With the relay array built, we can proceed to the algorithm that decides what relays to energize.

As we develope the necessary logic, two viewpoints might be considered. One would be related to the cab, and we would sit in the cab with logic devices capable of connecting us to any block. An example might be a stepping switch for each cab with many positions that could connect to any block as we progress down the track. The second viewpoint would have us stand along the wayside watching the traffic go by. We would build circuitry (and software) for each block and examine the cabs that request the use of the block, and thats the way we do it. Our system is "block oriented".

First we need to examine the TSL algorithm for keeping your cab connected to your loco. Our blocks can contain two diverging routes meaning that when in the block, we may have up to four choices of where to go i.e. forward or backward on the "main" or one of the two diverging routes. With our algorithm, each of the switchs is described with three binary bits making the railroad data very generic. The actual processing code is brief, because most blocks are treated the same. Remember, this was written in the days when memory was costly and code was hand entered. The BASIC program simply put words where machine or assembly language used to be.

For each block, we need to know:

ONE: Description of the turnouts that exist between our current block and the adjoining block(s). i.e. facing/trailing and the block number that they connect to, as well as the current setting- normal OR reverse.

TWO: Is the block occupied? We need an occupancy detector that can also be used for signalling and panel displays if desired.

For each cab, we need to know:

ONE: What direction does the cab have selected. Originally, we looked at track polarity and interfaced it to 5 volt TTL, later the info was drawn from our MUX Cabs.

This is all we need to know to implement a highly successful automated cab control system. You need to get this electrical information into 5 volt logic level signals and input it to the computer.

The software does this once after startup:

Reads in a Block Specifications data file that describe each block and its relationship with adjacent blocks including the turnout number(s), location and class, facing or trailing.

The software does this each cycle:

With each computer cycle (ours does seven cycles/second), the switch positions, occupancy detectors and cab direction switch settings are read in. Also, the dispatchers INITIATE block and cab switchs are read.

For each block, the software will determine if it's occupied. If it is NOT occupied, then no further action is taken on that block.

If the block is occupied, AND the direction switch is set AND the turnout(s) are properly aligned, THEN we have a VALID REQUEST to another block- one of a possible four.

If the REQUESTed block is unoccupied AND NOT already committed to another approaching train, THEN the ASSIGNment is made and the appropriate relay(s) are activated.

IF the valid REQUEST is denied THEN an alert message (light and sound) is sent to the requesting cab.

The REQUEST and resulting ASSIGNment if made, remain as long as the direction switch is set to approach the REQUESTed block and the turnouts remain aligned. This is the priority system. "First valid request gets it" The ASSIGNment can be overridden with the dispatchers INITIATE switch(s) to get things started.

After the train leaves a block and the occupancy detector shows the block as unoccupied, what happens? Why nothing of course! Why disconnect it? I haven't found a good reason in over 25 years although some other designers seem to do that. The block is still connected to the last train, but it IS available for reassignment.

You can see that the logic is simply a few AND/OR/IF THEN statements that apply to every block on the simplest or largest railroad. And that's all there is to it!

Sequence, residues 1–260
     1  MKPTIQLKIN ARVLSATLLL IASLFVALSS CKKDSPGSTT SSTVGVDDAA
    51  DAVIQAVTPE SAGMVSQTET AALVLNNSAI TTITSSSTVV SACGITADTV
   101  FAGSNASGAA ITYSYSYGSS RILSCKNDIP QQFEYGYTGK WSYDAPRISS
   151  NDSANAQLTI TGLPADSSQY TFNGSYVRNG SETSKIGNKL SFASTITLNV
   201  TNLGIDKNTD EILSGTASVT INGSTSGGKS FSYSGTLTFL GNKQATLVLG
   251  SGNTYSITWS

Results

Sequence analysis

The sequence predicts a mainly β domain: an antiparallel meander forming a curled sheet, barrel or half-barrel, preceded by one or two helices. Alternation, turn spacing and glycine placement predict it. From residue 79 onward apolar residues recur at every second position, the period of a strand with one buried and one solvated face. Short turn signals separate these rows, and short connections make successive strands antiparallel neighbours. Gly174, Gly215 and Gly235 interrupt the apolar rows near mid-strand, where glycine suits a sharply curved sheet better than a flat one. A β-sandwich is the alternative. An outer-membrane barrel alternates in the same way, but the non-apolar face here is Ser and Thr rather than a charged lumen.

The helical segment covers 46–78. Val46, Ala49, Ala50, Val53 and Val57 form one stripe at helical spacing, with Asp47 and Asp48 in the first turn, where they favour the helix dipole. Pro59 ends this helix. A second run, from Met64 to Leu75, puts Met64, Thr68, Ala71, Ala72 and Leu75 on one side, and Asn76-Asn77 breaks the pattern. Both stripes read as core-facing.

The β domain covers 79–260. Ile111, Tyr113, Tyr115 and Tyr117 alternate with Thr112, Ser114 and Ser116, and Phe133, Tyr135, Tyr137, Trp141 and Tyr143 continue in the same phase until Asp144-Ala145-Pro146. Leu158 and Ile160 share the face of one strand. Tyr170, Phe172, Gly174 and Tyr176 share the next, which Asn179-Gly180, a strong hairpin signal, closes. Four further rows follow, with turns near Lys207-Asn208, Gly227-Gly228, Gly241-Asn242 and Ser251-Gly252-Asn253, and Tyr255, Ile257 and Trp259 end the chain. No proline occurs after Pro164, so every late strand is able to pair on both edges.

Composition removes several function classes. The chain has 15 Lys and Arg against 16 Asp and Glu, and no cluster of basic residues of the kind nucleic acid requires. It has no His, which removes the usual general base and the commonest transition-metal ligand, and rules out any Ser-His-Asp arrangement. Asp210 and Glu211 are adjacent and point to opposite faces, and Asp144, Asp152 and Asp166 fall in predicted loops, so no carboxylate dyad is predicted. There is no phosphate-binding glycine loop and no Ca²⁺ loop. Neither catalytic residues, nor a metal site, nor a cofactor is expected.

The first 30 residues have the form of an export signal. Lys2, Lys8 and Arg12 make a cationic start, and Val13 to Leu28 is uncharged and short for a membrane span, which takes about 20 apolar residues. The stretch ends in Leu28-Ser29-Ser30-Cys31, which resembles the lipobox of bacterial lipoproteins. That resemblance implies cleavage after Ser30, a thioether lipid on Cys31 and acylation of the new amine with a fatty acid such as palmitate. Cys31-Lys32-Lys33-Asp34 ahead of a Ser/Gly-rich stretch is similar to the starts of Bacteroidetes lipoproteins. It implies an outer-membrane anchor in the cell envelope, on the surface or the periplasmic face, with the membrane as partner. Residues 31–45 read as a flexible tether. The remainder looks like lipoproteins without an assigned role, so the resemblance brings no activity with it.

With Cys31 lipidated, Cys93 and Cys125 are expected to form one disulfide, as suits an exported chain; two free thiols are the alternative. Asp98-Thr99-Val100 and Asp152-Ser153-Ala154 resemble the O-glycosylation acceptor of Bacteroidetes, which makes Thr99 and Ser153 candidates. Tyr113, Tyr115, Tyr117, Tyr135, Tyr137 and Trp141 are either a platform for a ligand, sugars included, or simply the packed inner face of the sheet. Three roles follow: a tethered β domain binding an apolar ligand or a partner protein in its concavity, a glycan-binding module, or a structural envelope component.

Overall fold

Mechanical layout:

The original ACC system was constructed on a group of 20 pin circuit cards plugging into a card frame that was obtained on the surplus market. The cards contained discrete components and rows of solder eyelets, so that we could strip them and re-use them. The 20 pin limit was frequently aggravating, but they were rugged enough to carry track current. Some of those cards have been through several generations of re-use. The card frames along with other devices were mounted on a homemade "standard" 19" rack system that swings out from under the layout to a carpeted area and then opens like pages of a book for easy access to both sides of two racks. Later, when the handwired 6800 computer came along, a frame holding eight 44 pin cards was added with handwired perf'cards from Radio Shack. Finally, the guts of a conventional PC complete with a floppy and hard drive was mounted in the rear rack, but that's another story.

Some supporting documents from our musty old files:

THROTTLE & DIRECTION CONTROL SYSTEM. A 13k (.GIF) file that shows how the ACC relays fit into the overall system. Three SPDT (form C) relays serve four cabs.

ACC LOGIC ALGORITHM. A text file that you can print out.

ACCPORT INTERFACE CARD. This card is a custom, handwired card that plugs into one of the ISA sockets on PC XT or x86 mother board. It is connected to the ACC ADAPTER CARD with a 25 wire ribbon cable. 16k (.GIF).

ACC ADAPTER CARD. This card replaced the original 6800 microprocessor card and extended the I/O functions to the PC with a 25 wire ribbon cable. 14k (.GIF).

ucwira2.txt A text "drawing" of a typical output card to drive the relays. Three of these cards drove 90 relays or other devices such as DENIAL warning lamps.

ucwira5.txt A text "drawing" of a typical data input card used to input turnout positions, cab directions and the dispatchers INITIATE switch. It is incomplete, because some connections and logic symbols (7400 & 7404) were added by hand, but you'll get the idea.

BLOCK SPECIFICATIONS. A text file that initially loads with the operating program to describe the relation of each block with those around it. The file also contains "pictorial text" that is not loaded but is intended as helpful comments when we look at it later.

QBASIC CODE Excerpts from the TSL operating program, before DCC was integrated. Vintage 1995.

(.GIF) files listed above were converted from high resolution AutoCad vector drawings in the (.DWG) format. e-mail us if you have use for them.


I certainly do not intend this as a construction article or a way-to-doit, so there are many holes in the data, but as we rip out the 25 years of TSL ACC in favor of DCC, I sincerely hope you can glean some info from our leavings and again I apologize for failing to share in the past. The 'net makes it so easy for us special interest nerds to share, there is no longer any excuses. I love it! SHARE!